Stepping off the plane at Honolulu International Airport, there’s the peril of believing you are entering the U.S.A. And of course, you are, but that’s not all. You are also about to touch an ancient culture, one which predates many.
There are reminders immediately of course. The brilliant orchid or frangipani lei placed around your neck by the person meeting you. His greeting: Aloha! Bright tropical colours in the clothing. People’s faces.
This is America as you may never have seen it. This is America in the Pacific – a U.S. veneer, if you like, on Polynesia. And while that glossy layer – shopping malls, luxury resorts, highways, taxis, hot dogs, popcorn – may at times seem to be all there is, it is not. Beneath this lies one of the world’s richest cultures.
Stay in Waikiki in early October and the first Saturday may land you with front row viewing of the several-kilometre, photo-worthy Aloha Floral Festival Parade. Perhaps there is no easier and more enjoyable way to take the pulse of island culture than this: to spend a sunny morning watching the marching bands, floral-decked cars, horses with regal riders in brilliantly coloured flowing costumes. There’s the cheering, the music. The glorious celebratory vibe.
Polynesian languages love vowels and repetition, which can mean some initially unpronounceable words. Try this one: Humuhumunukunukuapua?a. It’s the name of a poolside restaurant at Grand Wailea Resort on Maui, renowned for its seafood dishes, with some of the ingredients coming directly from below your table.
Recent decades have brought many influences to these islands: Japanese, Filipinos and of course Americans and other Westerners. It is too simple to call it a melting pot. It’s more a tropical cocktail, albeit served topped with a yellow hibiscus, the state flower.
Museums may appear daunting but think again if you want to grasp the significance of what you’ll see as you travel these islands. In Honolulu, the floor of Bishop Museum’s huge Pacific Hall, which opened in September 2013, has an inlaid map of the vast Pacific Ocean and its islands. Display cases hold craft and artefacts and an outrigger canoe hangs high above.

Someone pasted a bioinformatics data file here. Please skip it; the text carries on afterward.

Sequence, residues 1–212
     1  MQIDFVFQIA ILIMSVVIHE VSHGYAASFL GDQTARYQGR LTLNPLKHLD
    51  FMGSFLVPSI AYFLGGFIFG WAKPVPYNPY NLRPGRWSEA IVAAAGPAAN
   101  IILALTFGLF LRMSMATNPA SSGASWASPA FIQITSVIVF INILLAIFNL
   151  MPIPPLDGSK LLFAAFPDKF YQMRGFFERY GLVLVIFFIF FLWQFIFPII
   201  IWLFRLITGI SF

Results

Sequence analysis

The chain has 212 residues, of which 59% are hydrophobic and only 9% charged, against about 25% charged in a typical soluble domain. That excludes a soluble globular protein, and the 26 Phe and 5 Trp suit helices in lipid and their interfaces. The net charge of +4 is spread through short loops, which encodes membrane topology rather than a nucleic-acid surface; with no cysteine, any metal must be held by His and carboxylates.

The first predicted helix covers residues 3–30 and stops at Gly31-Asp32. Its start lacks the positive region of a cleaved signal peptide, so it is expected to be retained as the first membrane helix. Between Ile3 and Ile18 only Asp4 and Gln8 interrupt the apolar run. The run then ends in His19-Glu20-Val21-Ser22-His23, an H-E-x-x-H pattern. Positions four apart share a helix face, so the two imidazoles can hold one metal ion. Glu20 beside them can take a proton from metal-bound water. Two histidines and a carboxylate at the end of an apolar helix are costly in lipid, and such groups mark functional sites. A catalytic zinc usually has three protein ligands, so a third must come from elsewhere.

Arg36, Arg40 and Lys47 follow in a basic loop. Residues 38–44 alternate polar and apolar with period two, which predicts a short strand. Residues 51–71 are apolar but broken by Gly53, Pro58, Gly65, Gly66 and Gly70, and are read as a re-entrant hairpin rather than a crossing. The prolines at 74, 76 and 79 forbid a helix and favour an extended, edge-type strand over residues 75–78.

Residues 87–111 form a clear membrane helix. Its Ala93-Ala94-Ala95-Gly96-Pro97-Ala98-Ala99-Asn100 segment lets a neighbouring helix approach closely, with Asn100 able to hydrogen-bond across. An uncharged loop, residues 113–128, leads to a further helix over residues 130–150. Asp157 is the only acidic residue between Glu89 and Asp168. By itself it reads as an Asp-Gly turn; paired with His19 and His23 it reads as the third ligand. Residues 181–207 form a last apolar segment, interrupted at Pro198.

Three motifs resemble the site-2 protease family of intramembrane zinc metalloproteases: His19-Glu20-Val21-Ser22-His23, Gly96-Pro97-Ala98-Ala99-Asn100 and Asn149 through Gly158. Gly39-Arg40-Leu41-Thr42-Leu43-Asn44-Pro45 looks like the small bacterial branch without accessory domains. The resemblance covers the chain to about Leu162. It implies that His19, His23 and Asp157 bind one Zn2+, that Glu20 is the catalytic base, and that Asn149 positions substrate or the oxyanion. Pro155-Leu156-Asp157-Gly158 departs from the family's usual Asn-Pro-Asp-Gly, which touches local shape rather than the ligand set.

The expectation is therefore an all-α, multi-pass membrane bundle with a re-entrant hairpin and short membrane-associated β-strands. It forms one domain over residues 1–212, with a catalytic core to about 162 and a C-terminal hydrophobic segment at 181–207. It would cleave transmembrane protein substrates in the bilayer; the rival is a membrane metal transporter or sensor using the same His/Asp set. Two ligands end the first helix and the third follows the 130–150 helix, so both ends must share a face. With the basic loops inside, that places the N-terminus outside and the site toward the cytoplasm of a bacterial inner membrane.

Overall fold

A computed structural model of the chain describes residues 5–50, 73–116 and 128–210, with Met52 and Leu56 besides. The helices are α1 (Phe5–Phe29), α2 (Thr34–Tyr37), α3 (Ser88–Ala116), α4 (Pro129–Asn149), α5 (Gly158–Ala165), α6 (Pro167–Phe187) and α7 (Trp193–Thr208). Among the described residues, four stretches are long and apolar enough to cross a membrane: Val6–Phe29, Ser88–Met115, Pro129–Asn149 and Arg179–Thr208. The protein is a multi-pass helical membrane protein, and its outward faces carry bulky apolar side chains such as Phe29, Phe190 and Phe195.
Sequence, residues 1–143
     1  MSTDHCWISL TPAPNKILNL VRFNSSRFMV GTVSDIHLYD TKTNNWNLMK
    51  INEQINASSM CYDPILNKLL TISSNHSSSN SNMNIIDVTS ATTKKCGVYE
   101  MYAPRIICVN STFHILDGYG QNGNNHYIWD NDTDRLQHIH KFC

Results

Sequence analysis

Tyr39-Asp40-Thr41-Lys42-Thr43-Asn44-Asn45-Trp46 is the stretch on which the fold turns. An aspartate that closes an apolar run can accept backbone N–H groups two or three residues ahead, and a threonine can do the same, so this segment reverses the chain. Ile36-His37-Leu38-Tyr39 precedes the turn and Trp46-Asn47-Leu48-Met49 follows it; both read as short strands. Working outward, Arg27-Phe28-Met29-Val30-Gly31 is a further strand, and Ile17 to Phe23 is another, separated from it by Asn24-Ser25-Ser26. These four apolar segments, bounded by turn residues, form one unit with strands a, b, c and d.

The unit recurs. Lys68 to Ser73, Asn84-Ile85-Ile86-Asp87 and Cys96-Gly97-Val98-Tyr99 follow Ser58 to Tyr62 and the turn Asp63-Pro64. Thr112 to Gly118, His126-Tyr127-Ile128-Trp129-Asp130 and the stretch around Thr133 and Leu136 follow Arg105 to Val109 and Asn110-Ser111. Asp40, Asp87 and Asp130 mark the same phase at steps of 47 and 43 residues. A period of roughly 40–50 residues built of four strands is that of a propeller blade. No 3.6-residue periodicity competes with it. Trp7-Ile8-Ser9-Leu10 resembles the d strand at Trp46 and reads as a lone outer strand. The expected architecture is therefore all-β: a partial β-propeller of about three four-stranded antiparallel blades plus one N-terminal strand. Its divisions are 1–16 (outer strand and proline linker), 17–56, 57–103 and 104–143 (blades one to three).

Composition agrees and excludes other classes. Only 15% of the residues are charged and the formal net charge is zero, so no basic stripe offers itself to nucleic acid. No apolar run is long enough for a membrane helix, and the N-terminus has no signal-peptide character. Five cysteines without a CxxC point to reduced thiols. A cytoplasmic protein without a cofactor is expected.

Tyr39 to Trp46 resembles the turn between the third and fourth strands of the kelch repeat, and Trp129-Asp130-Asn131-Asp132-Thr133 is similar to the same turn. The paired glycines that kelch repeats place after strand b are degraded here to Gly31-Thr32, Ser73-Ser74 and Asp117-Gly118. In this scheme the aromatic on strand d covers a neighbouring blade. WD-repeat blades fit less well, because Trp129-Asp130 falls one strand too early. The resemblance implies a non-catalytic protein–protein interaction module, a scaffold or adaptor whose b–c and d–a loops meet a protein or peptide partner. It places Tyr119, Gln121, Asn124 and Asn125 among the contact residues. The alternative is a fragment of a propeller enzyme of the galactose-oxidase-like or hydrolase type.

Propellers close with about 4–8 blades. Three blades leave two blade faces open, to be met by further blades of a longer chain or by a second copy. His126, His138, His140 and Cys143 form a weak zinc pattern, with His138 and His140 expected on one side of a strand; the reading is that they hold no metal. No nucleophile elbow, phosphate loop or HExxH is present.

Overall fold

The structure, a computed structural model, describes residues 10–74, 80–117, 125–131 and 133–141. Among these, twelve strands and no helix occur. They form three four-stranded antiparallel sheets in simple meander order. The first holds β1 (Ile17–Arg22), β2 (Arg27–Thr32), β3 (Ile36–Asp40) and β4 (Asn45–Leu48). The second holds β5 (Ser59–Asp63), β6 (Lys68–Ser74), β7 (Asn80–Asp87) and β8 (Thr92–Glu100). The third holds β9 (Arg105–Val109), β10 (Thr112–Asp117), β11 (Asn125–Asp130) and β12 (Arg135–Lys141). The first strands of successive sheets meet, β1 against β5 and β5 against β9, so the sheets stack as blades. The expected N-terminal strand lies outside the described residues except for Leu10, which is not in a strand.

You may even taste the culture at the fascinating Saturday morning Kapiolani Farmers’ Market on the edge of Waikiki. Here you’ll find pizzas topped with local cheese and tomatoes, fried green tomatoes, rich Hawaiian coffee, live abalone, roasted corn, taro chunks and poi. The latter? A local acquired taste!
On Maui, a half hour flight from Honolulu, Andaz Hotel’s Ka?ana Kitchen serves up an always-changing menu, created from the freshest and finest local produce that day. Take a seat on the airy terrace to watch Chef Brent Martin’s brigade in the open kitchen inside creating world-class dishes.
Nearby the Grand Wailea offers its guests many options, one of the more unusual being a botanical tour of the garden. It’s easy to forget that the original people of these islands were fishermen foraging far on the ocean in massive outrigger canoes. Those who remained on land grew fruit and vegetables in rich volcanic soil. The resort’s Landscaping Manager, Jim Heid, leads these tours and is proud of the 16 hectares of native flowers, plants and trees he cares for. He points out those used ceremonially and for health.
“Despite this,” he says, “gardens are meant to tap into your senses. Landscape is art.” Jim Heid should know. He has spent nine years at the Grand Wailea creating and overseeing this immaculate backdrop to the resort.
As you travel these islands, listen too for the stuttering plucking of a ukulele, set to become Hawaii’s state instrument. Portable, cheerful, surprisingly loud, you’ll find it everywhere from an informal beach picnic to a festival. Real fans should head to Hawaii in time to attend the sixth annual Ukulele Picnic on May 25. If you have some uke skills, come a day early for the international ukulele contest.
The eight main islands of Hawaii draw on an ancient heritage. Volcanic in origin, many Polynesian myths and legends revolve around the gods, and of fire, water and appeasement. Perhaps the most poignant sight is the cliff diver at Sheraton Maui, who each night brandishes a flaming torch at the sunset then launches off into the ocean many metres below. He is re-enacting the leap of the last chief of Maui who proved his spiritual strength by surviving. To the watching crowd, sipping margaritas and cold beer at the poolside bar, it’s gasp-worthy and their cameras click despite the fading light.
Without their knowing, though, perhaps this collision of cultures might tempt them back to Hawaii. More than the golden sands, the surf, love and laughter. This is the U.S., this is the Pacific, as it exists nowhere else.
Pictures by Gordon Hammond
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